Lyoto Machida Finds Middleweight Division More Suitable to His Size, Skills

By Marcelo Alonso Nov 18, 2013
Lyoto Machida could soon find himself in title contention at 185 pounds. | Photo: Dave Mandel/Sherdog.com



With one devastating kick, Lyoto Machida announced his arrival as a serious player in the Ultimate Fighting Championship’s middleweight division.

Machida made his 185-pound debut in spectacular fashion at UFC Fight Night 30 in October, when he knocked out Mark Munoz with a first-round head kick at the Phones 4U Arena in Manchester, England. “The Dragon,” who held the UFC light heavyweight crown from May 23, 2009 until May 8, 2010, will continue his climb on the middleweight ladder when he collides with former two-division Dream titleholder Gegard Mousasi in the UFC Fight Night 36 main event on Feb. 8 in Jaragua do Sul, Brazil.

The experience against Munoz bolstered Machida’s confidence.

“I felt good,” he told Sherdog.com. “I thought it was going to be more difficult, but it involved quiet, diet and dehydration. It all worked. I’ve been training well around the weight. I’m not that heavy, either, so I don’t feel it much.”

Machida sees plenty of advantages in fighting as a middleweight.

“I think in the other division the guys were bigger than me physically,” he said. “At middleweight, I started to find an ideal weight for me. I face guys my size, my height and with my physique. Another advantage is that I’m not hitting light heavyweights. I’m now beating on middleweights, and I’m guessing a lighter opponent would feel the blows more.”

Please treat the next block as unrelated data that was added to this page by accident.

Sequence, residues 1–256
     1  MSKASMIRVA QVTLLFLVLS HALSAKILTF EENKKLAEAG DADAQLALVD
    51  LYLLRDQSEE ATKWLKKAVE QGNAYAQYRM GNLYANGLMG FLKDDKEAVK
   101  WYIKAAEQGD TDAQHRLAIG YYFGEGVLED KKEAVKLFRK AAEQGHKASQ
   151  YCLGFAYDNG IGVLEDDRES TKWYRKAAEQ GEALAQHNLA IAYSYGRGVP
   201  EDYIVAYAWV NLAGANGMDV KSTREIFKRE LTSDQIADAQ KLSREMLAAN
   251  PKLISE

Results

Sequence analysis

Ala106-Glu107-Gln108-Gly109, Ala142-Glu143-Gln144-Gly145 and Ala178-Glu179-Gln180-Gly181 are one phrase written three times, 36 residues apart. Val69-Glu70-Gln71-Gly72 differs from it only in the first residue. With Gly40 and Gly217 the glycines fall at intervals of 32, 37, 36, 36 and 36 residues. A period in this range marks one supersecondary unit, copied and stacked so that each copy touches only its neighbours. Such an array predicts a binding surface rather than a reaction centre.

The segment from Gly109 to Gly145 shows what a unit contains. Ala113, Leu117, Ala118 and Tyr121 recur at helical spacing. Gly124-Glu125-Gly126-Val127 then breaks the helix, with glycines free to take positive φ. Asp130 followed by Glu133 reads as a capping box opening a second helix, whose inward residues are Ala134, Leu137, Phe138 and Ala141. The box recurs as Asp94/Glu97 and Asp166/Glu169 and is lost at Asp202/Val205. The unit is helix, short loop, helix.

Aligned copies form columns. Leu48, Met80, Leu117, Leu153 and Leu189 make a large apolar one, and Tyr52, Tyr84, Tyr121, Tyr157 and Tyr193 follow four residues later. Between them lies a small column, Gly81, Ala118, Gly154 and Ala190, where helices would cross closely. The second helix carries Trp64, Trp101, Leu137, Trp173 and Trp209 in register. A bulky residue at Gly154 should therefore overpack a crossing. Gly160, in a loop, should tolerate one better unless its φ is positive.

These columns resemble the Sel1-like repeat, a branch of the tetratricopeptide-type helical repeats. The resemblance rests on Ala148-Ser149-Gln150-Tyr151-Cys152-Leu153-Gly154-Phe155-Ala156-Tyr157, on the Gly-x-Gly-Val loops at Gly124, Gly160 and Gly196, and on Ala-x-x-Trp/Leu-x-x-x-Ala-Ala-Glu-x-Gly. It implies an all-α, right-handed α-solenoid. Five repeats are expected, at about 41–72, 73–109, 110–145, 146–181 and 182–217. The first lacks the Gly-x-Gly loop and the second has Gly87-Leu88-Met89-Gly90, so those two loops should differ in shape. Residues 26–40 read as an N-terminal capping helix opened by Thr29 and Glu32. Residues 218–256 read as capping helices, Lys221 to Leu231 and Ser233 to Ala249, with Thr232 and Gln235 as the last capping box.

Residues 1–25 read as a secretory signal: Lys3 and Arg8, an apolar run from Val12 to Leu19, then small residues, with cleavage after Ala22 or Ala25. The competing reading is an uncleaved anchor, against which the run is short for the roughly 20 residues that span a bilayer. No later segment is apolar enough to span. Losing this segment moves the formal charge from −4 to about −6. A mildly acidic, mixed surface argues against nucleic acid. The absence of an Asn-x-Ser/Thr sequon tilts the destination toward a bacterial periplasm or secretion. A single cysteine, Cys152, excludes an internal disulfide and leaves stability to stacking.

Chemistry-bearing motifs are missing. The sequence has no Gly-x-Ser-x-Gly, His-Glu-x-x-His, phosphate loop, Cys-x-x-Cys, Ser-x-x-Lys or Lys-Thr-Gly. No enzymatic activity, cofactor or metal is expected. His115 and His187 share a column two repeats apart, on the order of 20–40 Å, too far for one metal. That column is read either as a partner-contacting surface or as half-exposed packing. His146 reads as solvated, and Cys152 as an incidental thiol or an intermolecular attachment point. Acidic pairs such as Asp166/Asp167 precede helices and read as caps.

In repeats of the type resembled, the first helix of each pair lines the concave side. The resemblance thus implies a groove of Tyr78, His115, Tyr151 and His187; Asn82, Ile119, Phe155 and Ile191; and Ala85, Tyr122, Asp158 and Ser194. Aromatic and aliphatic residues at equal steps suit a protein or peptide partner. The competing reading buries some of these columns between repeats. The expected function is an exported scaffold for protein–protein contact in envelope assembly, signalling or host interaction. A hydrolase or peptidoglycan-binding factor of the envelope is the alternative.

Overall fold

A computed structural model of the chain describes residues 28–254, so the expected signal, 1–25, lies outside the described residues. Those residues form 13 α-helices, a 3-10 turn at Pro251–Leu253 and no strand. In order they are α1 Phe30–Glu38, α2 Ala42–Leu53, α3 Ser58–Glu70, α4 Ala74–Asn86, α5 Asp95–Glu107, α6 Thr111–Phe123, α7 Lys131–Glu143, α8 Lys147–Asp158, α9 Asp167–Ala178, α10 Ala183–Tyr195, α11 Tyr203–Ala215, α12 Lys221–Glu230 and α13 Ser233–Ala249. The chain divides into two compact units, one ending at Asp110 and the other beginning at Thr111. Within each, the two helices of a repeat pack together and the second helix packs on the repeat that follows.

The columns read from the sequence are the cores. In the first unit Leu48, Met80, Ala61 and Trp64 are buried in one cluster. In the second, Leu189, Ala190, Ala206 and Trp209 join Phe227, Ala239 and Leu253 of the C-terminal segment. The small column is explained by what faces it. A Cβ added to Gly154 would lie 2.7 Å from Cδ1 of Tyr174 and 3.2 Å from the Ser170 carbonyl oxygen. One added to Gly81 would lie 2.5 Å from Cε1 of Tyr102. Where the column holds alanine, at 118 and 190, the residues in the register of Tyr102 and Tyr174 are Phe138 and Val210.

Machida -- who has compiled a 12-4 record in the UFC -- admits it was difficult fighting Munoz, a friend with whom he has trained extensively in the past.

“Separating your profession from friendship is very difficult,” he said. “In Mark’s case, he thinks like me. We fought and went out to dinner afterwards, without any issues. We have the same goals, but only one of us can occupy that space at a time. We fought because we had an agreement: to fight and then congratulate whoever won. If one of us had not agreed to that, the fought would not have happened.”

Machida recognizes a similar possibility exists with longtime friend Anderson Silva, who will look to recapture the middleweight championship when he confronts Chris Weidman in a rematch at UFC 168 in December.

“I don’t want this fight,” Machida said. “We’re close, and we have the same manager. He’s fighting for the belt, and I’m still far from it. It’s hard to talk about it now. I don’t know if we will cross paths one day. Let’s let things happen and decide what to do. You have to be prepared to face to situation. You have to talk about it.”

Machida’s arrival, along with the presence of Brazilian countrymen Silva, Ronaldo Souza and Vitor Belfort, has reinvigorated the middleweight division.

“Yeah, it’s getting hot,” Machida said with a laugh. “I like to be in divisions like that, and it’s good to have so many Brazilians highly ranked.”

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